Woodward the outsider who brought home the big prize

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The Independent Online

The record should speak for itself, in mega-decibels: a record-breaking run of 14 consecutive Test victories, a Grand Slam, a first ever victory over the Wallabies in Australia, a first win over the All Blacks on New Zealand soil in three decades. Oh yes, and a World Cup as well.

The record should speak for itself, in mega-decibels: a record-breaking run of 14 consecutive Test victories, a Grand Slam, a first ever victory over the Wallabies in Australia, a first win over the All Blacks on New Zealand soil in three decades. Oh yes, and a World Cup as well.

If Sir Clive Woodward never coaches another rugby team in his life - and should he turn his back on the 2005 British and Irish Lions in favour of a dalliance with some football team on the south coast, that may well be the case - he will still stand tall on the high peaks of English sporting achievement.

But the record does not speak for itself with anything like sufficient grandeur. With Woodward, a gloriously unpredictable centre during his playing days and an equally unorthodox coach, the journey was infinitely more fun than the destination, even though the destination was the Olympic Stadium in Sydney on a wet November night, with the Webb Ellis Trophy up for grabs and Jonny Wilkinson caressing the ball towards the sticks in the last minute of extra time.

Woodward spent a good deal of his childhood, and developed much of his immense sporting prowess, in Wales, yet he wrapped himself in the flag of St George from the moment he understood that he was nobody's idea of a Celt.

He spent time in Australia, where he learned as much about the possibilities of coaching as he did about business, and on his return he did brilliant things with Henley, London Irish and, for a few remarkable months, Bath.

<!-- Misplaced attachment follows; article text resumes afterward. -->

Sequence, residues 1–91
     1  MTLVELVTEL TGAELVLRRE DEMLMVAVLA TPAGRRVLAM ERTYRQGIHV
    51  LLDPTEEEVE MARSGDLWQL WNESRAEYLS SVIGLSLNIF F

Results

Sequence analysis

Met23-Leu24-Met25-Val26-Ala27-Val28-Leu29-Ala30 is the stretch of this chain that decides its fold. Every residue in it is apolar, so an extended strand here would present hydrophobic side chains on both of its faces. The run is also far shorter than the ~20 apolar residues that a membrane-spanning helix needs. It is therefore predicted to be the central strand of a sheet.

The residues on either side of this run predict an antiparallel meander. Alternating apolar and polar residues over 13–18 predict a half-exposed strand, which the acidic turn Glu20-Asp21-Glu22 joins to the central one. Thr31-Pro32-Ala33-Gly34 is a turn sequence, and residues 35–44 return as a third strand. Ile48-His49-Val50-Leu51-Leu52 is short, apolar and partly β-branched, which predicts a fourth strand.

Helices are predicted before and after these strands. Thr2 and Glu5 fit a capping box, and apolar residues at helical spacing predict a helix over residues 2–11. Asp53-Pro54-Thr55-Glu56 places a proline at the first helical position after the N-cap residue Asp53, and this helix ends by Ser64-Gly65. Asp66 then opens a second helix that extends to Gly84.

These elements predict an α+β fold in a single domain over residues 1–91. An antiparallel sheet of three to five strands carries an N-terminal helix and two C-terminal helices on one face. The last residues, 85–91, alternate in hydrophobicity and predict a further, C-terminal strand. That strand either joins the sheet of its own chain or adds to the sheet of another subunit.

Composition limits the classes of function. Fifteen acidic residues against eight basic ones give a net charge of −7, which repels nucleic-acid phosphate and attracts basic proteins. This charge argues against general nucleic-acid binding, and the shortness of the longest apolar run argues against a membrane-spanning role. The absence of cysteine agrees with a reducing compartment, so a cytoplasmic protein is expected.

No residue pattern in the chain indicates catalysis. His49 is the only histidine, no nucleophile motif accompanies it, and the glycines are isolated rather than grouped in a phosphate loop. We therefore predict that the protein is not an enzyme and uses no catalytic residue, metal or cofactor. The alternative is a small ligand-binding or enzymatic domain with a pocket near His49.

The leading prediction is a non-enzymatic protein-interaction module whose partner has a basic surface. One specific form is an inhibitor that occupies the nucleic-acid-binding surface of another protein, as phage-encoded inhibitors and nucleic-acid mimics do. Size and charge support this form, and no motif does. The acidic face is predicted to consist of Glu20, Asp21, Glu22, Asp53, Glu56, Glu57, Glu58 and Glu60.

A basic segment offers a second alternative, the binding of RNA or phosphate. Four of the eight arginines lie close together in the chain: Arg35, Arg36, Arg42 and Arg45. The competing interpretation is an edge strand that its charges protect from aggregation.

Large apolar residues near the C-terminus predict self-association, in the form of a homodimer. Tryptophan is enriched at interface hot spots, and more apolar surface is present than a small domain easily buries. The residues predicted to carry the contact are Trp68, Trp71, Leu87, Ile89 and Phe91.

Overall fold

He was an outsider, an ideas man convinced of the genius of every thought that passed through his mind, and when England found themselves scratching around for a head man in 1997, they drew a deep breath and took the plunge.

At first, Woodward struggled. If not wholly out of his depth, he could scarcely touch the bottom with his toes pointed downwards. He was a little piece of an international coach, unnaturally developed. He had great optimism, a bottomless reservoir of energy and a clear vision of how England might leave the 19th century and join the rest of the rugby race, led by New Zealand and Australia.

But he was also naïve, both selectorially and politically. He picked the wrong players and backed the wrong causes. It was an extraordinary time, bizarre and thrilling in equal measure.

England lost three of their first five matches under Woodward, and drew the others. But one of those draws, a 26-all epic against a fine All Blacks team, convinced him that the boring old red rose army could actually play this game with a touch of style and a dash of adventure.

Slowly but surely, under Lawrence Dallaglio's brio-fuelled captaincy, England closed the gaps on the best. They drew with the Wallabies, they beat Gary Teichmann's Springboks and they started to impose some order on the French.

Sadly, Woodward lost Dallaglio to a severe dose of the Fleet Street tabloids, although to his eternal credit he sheltered his captain in his hour of need. Happily, Martin Johnson then emerged from the debris of the Dallaglio affair as a leader of unprecedented stature. While the coach famously asked to be judged on the World Cup, he cleverly failed to specify the 1999 tournament. What he really meant, it seems, was the 2003 version, and once England had fallen victim to a difficult fixture schedule in the first competition, they arrived at the second as clear favourites.

This, perhaps, was Woodward's true triumph. England had fielded decent Test sides before, but none as supremely organised and perfectly prepared as this one. The coach had made it his business to throw money - the Scrooge-like RFU's money - at the international set-up.

Lavishly financed, Woodward appointed specialist coaches, fitness gurus, medical staff which would have been the envy of teaching hospitals throughout the land, chefs who could cook Jamie Oliver into a cocked hat, visual awareness experts. All mod cons were provided, human as well as mechanical.

It was almost as if he shamed his players into performing out of their skins by saying: "I've provided the best of everything. Now give me the best you have." That best materialised shortly before the World Cup, when England ran the Wallabies ragged in Melbourne, but there was enough left over to see them home when it really mattered. Woodward has never been short of critics, but even they accepted his single-minded pursuit of excellence as a masterpiece of determination.

And now he is gone - saddened by the retirements of so many front-line players, infuriated by the RFU's refusal to give him carte blanche on Test preparation, tempted by sporting challenges of the round-ball variety. The journey is over, the dust has finally settled. It is time for a rest, and fond memories.

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